The following commentary on I Kings 19:1 - 22:40 is from John Maxwell's Leadership Bible.
Ahab and Jezebel Manipulate People Because They Cannot Move Them
Few couples in Scripture look less attractive than King Ahab and Queen Jezebel. We get acquainted with their ugly style at the end of I Kings. Because they suffered an almost total lack of leadership charisma, they had to use manipulation, selfishness, and cunning to get what they wanted.
Charisma has been defined as a magnetic personal attraction that draws others to the leader, making them feel better about themselves. Effective leaders do well to develop some level of charisma.
In Greek, the word charisma means "gift." God gives a degree of charisma to everyone. Leaders are to give it away to others; charismatic people are others-centered. So why did Ahab and Jezebel fail to demonstrate any charisma?
- They set out selfishly to build their own kingdoms (22:8).
- They used people in order to get ahead; anyone was expendable (19:2).
- They worried about image and lived under false pretenses (21:8-13).
- They sulked and got angry when they didn't get their way (21:4).
- They pretended to be someone they were not (21:25-27).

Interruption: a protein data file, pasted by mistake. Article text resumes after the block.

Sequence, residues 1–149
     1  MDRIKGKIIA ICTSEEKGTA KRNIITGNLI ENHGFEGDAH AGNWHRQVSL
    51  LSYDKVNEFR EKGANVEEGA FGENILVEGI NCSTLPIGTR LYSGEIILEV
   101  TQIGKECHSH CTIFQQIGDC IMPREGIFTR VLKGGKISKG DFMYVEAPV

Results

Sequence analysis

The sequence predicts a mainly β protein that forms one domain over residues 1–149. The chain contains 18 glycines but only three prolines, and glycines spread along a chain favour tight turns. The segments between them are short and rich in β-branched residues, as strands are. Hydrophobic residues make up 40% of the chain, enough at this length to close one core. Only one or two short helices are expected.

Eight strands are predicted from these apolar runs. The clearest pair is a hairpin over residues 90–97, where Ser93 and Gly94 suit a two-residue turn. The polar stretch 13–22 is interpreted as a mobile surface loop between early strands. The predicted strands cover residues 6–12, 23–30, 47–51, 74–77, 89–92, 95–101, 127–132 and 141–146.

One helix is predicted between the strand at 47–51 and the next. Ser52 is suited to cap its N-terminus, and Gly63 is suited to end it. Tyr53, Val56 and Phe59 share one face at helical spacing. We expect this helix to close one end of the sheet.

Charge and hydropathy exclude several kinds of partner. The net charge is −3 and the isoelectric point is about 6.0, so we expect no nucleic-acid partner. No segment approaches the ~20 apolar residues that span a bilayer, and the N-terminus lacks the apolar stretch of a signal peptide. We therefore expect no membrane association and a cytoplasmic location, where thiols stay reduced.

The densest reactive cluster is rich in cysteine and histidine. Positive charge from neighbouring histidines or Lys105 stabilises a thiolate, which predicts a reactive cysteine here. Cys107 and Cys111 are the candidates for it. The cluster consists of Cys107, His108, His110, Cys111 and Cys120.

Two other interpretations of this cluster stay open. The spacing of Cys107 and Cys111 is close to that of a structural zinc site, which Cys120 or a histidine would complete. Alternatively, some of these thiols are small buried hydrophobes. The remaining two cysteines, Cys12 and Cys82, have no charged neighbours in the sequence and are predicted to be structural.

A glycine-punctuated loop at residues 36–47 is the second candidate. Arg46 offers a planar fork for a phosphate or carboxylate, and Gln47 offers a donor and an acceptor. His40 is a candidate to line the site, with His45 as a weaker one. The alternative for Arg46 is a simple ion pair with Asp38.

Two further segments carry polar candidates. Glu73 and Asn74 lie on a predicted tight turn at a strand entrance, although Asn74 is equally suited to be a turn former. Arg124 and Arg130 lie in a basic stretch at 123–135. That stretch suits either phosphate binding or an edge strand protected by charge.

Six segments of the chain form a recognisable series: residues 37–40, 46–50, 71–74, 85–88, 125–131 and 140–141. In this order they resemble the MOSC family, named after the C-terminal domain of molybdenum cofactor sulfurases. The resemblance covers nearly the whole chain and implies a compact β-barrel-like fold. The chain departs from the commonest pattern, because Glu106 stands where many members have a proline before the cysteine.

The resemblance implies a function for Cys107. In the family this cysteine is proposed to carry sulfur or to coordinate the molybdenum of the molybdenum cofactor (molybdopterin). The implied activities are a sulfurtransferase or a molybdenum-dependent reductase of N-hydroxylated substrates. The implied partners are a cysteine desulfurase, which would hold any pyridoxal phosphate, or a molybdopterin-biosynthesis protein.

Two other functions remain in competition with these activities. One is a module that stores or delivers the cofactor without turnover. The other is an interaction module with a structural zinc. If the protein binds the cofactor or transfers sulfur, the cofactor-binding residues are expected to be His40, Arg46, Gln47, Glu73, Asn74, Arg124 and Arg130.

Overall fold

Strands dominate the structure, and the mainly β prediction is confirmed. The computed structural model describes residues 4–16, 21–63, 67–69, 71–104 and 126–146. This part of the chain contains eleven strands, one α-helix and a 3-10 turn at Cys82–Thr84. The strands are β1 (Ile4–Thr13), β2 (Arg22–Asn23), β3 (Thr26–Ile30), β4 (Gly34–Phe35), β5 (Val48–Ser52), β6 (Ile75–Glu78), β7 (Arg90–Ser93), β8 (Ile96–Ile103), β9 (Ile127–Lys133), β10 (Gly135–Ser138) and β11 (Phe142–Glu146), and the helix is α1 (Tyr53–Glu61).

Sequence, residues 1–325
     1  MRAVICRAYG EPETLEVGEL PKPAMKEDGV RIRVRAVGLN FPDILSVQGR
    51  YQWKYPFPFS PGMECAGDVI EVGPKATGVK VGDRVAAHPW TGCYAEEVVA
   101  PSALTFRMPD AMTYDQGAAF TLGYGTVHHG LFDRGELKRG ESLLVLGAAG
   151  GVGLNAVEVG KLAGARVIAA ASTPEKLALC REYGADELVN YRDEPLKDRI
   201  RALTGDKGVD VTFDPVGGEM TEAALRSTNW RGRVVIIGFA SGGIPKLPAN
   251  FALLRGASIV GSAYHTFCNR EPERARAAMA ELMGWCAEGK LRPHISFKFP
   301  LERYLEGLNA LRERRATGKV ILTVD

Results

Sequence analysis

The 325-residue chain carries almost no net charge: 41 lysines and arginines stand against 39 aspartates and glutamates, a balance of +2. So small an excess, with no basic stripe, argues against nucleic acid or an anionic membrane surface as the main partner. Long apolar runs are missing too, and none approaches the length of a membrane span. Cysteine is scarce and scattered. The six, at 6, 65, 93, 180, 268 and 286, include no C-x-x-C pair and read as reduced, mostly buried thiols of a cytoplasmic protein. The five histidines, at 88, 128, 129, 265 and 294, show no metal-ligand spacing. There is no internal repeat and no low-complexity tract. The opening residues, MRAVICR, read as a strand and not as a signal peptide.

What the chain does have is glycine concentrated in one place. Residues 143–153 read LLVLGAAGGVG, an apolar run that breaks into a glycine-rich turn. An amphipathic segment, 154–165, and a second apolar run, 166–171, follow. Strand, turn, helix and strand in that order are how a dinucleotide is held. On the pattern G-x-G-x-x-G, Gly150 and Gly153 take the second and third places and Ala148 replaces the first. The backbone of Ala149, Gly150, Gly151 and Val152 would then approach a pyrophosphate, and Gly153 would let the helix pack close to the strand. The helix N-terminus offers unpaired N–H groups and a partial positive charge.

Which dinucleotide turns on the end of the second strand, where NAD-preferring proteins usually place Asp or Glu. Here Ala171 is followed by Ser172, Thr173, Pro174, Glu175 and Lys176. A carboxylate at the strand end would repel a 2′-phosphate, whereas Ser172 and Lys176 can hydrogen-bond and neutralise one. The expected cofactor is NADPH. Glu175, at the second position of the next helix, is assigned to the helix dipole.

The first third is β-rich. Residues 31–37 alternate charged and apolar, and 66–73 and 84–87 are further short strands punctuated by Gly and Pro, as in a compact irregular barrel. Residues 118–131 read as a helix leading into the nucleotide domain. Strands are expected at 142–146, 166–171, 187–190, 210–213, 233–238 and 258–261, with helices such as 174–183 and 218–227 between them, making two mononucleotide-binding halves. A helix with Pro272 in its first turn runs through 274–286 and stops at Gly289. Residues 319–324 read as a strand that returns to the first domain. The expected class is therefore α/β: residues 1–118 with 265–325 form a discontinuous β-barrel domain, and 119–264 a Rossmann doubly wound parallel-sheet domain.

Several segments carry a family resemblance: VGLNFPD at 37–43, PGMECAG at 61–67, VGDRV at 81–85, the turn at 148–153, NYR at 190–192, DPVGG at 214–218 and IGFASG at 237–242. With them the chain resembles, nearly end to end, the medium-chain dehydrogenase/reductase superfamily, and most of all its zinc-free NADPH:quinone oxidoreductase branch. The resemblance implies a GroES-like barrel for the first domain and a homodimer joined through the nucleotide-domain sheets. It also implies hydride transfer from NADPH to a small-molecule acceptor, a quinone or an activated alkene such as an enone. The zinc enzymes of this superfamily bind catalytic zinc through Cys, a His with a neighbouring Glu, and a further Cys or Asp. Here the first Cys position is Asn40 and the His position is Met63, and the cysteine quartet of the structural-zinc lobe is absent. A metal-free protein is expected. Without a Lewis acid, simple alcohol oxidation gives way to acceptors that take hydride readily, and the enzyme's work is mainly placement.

- They abused the authority they had been given (21:18,19).
Ahab and Jezebel felt no incentive to develop charisma because their position allowed them to use people. Why would they need to inspire others to cooperate with them? Wasn't their word law? Godly leaders must avoid this wicked attitude at all costs.
Roadblocks to Charisma
To build charisma, be others-minded. Leaders who think about others and their concerns before thinking of themselves quickly develop charisma.
How would you rate your own charisma? Are other people naturally attracted to you? Are you well liked? Consider the following roadblocks to charisma. Do you possess any of these?
- Pride: Nobody wants to follow a leader who thinks he is better than everyone else. Arrogant leaders lose the respect of others.
- Insecurity: If you are uncomfortable with yourself, others will be, too. Only secure leaders can provide a secure atmosphere.
- Moodiness: If people never know what to expect of you, they stop expecting anything. Eventually, they won't even approach you.
- Selfishness: People can tell if you are using them merely to reach your own goal. No healthy person stays for long in such an unhealthy environment.
- Perfectionism: People respect the desire for excellence, but loathe unrealistic expectations. No one wants to feel the program is more important than they are.
- Cynicism: People don't want to be rained on by someone who sees a cloud around every silver lining. Negative leaders repulse healthy followers.